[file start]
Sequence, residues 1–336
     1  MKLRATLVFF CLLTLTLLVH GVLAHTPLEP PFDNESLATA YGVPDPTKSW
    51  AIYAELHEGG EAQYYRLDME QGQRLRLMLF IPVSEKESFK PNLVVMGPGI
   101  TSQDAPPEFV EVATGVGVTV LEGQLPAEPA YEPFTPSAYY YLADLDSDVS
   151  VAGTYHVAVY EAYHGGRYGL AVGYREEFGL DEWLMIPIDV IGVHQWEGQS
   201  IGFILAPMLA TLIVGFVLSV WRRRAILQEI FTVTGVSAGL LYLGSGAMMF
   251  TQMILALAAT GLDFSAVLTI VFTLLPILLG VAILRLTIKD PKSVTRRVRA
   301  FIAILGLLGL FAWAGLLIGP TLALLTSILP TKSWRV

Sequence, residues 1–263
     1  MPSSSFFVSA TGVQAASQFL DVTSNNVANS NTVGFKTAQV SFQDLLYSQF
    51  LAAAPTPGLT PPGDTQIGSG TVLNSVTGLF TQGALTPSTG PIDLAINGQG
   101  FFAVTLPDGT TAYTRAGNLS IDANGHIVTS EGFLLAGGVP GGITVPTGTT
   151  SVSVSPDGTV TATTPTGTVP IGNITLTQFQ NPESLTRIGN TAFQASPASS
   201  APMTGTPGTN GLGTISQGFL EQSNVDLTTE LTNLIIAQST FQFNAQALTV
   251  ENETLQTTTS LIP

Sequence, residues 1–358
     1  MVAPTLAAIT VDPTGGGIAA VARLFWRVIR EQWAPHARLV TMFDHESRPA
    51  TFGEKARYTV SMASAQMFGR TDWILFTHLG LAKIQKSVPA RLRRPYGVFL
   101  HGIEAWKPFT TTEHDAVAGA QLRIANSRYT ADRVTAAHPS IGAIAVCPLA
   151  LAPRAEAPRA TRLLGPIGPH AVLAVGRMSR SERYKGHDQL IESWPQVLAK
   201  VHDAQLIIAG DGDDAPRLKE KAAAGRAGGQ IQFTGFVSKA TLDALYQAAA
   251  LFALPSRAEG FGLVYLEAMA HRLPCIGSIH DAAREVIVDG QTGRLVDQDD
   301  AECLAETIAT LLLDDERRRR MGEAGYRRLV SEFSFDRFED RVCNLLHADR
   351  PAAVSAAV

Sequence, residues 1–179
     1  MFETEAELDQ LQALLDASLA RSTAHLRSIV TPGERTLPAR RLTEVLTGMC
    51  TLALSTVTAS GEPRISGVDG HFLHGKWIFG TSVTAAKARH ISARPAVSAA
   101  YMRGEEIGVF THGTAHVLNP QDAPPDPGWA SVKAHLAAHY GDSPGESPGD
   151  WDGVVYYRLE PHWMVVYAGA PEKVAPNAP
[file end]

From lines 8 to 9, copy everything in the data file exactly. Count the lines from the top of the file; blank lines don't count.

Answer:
   301  FIAILGLLGL FAWAGLLIGP TLALLTSILP TKSWRV

Sequence, residues 1–263